effective thermal resistance would be at best 50°C/W for
1in 3 /sec of airflow. If the airflow were to double, the thermal resistance
would halve. This assumes perfect efficiency of raising the air up to the case
temperature. In practice, heatsinks are not much more than 50% efficient and the
thermal resistance for air-cooled systems is never less than 100°C/W for
1in3 /sec of airflow.
For circuit boards that have only a few high power
components, a significant amount of heat can flow into the substrate, with the
circuit board acting as a giant heat spreader and fin. The better the thermal
transfer through the leads into the board, the more effective the motherboard
will be in cooling. For example, a 119 pin BGA, with the balls under the chip,
can sink over 85% of the total power into the substrate. For this BGA, the
decrease in thermal resistance will be about halved. A thicker board with more
power and ground layers can better function as a heatsink. The substrate is only
going to be effective when there is good thermal contact between the package and
board, when the board has thick power and ground planes and when there are not
many other high power devices nearby. When these conditions are met, the thermal
resistance between the junction and ambient can be reduced by 50%.
Electrical Power Dissipation
Two sources of power dissipation important among all
microcircuit families, is DC or quiescent power dissipation, and AC or switching
power dissipation that increases with switching frequency. The DC power
dissipation is high for ECL but nearly zero for CMOS. The AC power dissipation
can be comparable in both technologies. They are described below:
a. DC Power
and Speed Tradeoffs in ECL electrical power is dissipated only when current
flows through a resistive element. This occurs in steady state, as with pull-up,
pull-down, or terminating resistors, and when current flows through a buffer
transistor during the transient charging and discharging of a capacitor. A
capacitor can be an input gate, on-chip metallization, or output load
capacitance. Modern ECL gates are biased on a steady current value using a
current source. The bias current value is chosen based on a balance between the
DC power dissipation and switching speed. In ECL circuits, the bias current is
what charges or discharges an inter-connect to change its voltage level. To
switch faster, a higher DC current level is required. This higher current also
means more DC power dissipated. In many ECL gate array families, the designer
can select the bias current level to trade off speed and power as appropriate.
output drivers are never both on simultaneously in the DC mode. When the
microcircuit is set to output high, the p gate is on, and the output is
effectively switched to the VDD rail. When the microcircuit is set
for output low, the output is effectively switched to the VSS rail,
which is typically ground. In typical high speed CMOS circuits, the output load
is capacitive. There may be a series resistor acting as a source termination or
damping resistor, but the DC resistance of the load is typically very high. At
steady state, there is no current flow out of the driver, either through the n
or p transistors. In DC, when the microcircuit is not switching, there is very
little power dissipation in a CMOS microcircuit.
Because of the nature of RC circuits, all the stored
energy will be converted Into heat energy each time the capacitance is either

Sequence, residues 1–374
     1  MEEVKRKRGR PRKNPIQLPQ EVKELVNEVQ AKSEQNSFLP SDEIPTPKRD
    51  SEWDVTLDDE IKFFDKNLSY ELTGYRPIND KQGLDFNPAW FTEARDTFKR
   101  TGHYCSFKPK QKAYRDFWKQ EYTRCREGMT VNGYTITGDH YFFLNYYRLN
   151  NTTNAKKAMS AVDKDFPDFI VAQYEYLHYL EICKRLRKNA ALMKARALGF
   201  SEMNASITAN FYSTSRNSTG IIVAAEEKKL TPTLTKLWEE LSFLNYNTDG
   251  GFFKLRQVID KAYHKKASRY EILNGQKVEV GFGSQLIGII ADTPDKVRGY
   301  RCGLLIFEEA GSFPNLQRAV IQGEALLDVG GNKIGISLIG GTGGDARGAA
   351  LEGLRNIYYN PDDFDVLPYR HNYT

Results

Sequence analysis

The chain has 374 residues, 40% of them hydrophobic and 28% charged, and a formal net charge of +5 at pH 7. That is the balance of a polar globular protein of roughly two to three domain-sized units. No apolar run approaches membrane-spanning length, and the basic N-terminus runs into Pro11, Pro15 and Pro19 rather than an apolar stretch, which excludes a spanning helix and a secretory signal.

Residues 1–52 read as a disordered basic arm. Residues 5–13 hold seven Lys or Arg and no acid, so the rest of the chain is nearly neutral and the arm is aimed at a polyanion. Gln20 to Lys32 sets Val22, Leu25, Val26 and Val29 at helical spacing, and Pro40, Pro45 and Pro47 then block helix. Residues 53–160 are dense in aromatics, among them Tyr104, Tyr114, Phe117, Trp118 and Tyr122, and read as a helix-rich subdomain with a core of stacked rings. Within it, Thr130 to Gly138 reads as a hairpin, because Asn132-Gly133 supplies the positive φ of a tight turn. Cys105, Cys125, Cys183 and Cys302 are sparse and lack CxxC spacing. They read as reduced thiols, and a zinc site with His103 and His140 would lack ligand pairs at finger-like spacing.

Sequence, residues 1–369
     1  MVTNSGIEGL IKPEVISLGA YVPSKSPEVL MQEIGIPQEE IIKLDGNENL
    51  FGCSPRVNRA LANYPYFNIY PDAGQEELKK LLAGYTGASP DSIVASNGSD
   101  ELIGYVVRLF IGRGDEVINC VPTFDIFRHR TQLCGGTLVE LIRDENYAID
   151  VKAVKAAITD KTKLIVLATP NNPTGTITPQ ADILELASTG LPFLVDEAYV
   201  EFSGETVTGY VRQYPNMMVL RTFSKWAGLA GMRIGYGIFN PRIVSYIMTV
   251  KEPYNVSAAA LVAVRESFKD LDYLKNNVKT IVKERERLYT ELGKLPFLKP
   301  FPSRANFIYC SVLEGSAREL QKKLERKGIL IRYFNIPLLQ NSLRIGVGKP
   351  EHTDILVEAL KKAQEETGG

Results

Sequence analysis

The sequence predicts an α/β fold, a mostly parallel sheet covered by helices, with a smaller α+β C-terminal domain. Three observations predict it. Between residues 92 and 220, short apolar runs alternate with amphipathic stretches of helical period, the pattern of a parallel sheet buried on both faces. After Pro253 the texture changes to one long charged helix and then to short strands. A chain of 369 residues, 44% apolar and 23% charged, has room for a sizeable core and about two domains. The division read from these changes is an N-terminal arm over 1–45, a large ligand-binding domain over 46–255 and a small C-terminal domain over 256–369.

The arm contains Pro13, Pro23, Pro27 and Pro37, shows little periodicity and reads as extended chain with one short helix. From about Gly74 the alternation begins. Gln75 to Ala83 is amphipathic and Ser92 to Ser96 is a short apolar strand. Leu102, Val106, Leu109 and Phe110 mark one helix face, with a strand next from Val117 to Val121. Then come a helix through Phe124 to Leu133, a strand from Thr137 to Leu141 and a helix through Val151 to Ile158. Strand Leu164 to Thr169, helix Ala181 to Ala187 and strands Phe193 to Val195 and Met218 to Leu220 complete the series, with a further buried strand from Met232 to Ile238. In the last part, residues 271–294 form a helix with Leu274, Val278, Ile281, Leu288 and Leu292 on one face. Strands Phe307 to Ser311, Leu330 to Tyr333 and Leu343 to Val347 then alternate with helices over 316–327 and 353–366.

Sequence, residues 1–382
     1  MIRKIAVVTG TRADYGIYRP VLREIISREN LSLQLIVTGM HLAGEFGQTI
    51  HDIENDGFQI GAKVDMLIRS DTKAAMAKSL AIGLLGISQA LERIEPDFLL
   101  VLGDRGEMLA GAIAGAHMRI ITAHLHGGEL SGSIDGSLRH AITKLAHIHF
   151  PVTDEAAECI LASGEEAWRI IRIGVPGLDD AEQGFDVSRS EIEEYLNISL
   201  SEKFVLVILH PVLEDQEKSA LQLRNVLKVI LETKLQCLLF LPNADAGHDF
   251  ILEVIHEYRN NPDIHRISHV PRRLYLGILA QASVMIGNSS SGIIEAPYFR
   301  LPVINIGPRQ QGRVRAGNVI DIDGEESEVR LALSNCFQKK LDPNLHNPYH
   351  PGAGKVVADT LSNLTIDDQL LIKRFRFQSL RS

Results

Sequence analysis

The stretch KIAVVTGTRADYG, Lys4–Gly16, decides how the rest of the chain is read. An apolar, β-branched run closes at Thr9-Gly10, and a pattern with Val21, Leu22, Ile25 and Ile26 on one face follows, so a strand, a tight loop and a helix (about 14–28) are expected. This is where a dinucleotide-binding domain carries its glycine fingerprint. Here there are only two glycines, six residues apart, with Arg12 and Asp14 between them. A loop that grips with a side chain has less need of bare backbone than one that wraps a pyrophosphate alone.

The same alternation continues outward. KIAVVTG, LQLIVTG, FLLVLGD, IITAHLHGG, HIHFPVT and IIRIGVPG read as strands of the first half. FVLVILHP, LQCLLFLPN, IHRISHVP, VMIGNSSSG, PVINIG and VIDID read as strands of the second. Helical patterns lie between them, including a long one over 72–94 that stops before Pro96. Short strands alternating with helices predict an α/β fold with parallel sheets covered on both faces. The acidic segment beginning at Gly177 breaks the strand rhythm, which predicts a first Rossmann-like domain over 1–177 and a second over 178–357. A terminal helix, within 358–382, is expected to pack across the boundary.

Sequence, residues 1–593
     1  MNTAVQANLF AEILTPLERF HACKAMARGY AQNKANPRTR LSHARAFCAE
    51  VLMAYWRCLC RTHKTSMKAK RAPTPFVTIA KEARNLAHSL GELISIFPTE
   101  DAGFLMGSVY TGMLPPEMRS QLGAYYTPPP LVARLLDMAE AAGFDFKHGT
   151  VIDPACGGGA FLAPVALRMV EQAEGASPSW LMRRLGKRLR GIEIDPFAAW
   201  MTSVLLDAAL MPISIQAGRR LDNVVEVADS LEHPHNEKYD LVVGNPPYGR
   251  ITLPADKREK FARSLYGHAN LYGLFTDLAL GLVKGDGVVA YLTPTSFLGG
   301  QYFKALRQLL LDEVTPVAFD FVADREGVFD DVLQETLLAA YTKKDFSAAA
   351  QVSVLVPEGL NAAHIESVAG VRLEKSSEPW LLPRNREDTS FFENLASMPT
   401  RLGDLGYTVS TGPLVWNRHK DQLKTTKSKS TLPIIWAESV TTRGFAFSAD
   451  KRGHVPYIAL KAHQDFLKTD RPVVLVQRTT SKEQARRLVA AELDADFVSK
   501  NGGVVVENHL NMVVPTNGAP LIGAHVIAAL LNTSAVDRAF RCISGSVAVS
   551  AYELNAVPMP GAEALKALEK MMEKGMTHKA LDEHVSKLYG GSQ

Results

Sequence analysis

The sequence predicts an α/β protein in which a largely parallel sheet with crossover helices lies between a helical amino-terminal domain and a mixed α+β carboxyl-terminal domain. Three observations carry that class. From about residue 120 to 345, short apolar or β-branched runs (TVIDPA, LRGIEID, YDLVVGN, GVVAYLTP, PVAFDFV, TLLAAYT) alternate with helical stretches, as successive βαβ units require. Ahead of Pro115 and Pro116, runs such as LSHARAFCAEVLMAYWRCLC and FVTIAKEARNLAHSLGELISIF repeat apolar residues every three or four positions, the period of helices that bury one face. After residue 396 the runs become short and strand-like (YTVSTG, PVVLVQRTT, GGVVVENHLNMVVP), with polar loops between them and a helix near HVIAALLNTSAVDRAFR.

charged or discharged. This power
dissipation depends on the switching voltage, the gate capacitance, and the
switching or clock frequency. Because of the voltage squared dependence,
decreasing the switching voltage can have a large impact on decreasing the power
consumption. For example, at 1-micron channel length, the typical power
consumption of a 5V CMOS gate is approximately 6µW/MHz/gate for internal gates.
If the voltage were dropped to 3V, the power consumption would drop to
2.2µW/MHz/gate. In addition, the area of
the gate contributes to the gate capacitance. Reducing the feature size also
reduces the gate capacitance. However, the gate oxide thickness is also reduced,
which acts to increase the gate capacitance. The net result of decreased feature
size is still a reduction of power dissipation. For 0.5 micron CMOS, operating
on 3V supplies, the gate power dissipation is roughly 1.5µW/MHz/gate. At 100MHz, the power dissipation per
internal gate for 1 micron CMOS would be 0.6mW/gate. Because of the larger size
of output drivers, power consumption would be roughly 2.4mW/gate. This is
comparable to ECL DC power dissipation. However in CMOS, it is only those gates
actually switching that contribute to the power dissipation. For example, a
50,000-gate array, with 20 percent of the internal gates switching per cycle and
50 output drivers switching per cycle, would dissipate:
PAC = (6µW x 10,000) + (24µW x 50) =
If each of the output gates drives a 25pF load, the
dissipation would be an additional 30mW/MHz. The total power dissipation at
100MHz, for example, would be nine watts for a CMOS microcircuit. An advantage of CMOS technology is the
absence of DC power dissipation.
However, AC power-dissipation increases with frequency.
Minimizing Power Consumption
Four ways to minimize power consumption are: (1)
Design for low power consumption. (2) Reduce the supply voltage. Lowering the
supply voltage has the benefit of reducing power but also slows the switching
speed. (3) Use smart power management. Smart power management uses specialized
chips that monitor the CPU activity level. As the activity level drops, the
clock frequency is slowed down. In effect, smart power management puts the
system to sleep between keystrokes or other activities. (4) Adjust the clock
frequency to slowdown when the application is not in use.
To keep power dissipation under control, the
microcircuit speed has to be limited at high integration levels or the
microcircuit gets too hot. There is a
trade-off between speed and integration with GaAs microcircuits. If the
integration levels are high, speed must be contained; if the speed is high,
integration levels must be contained.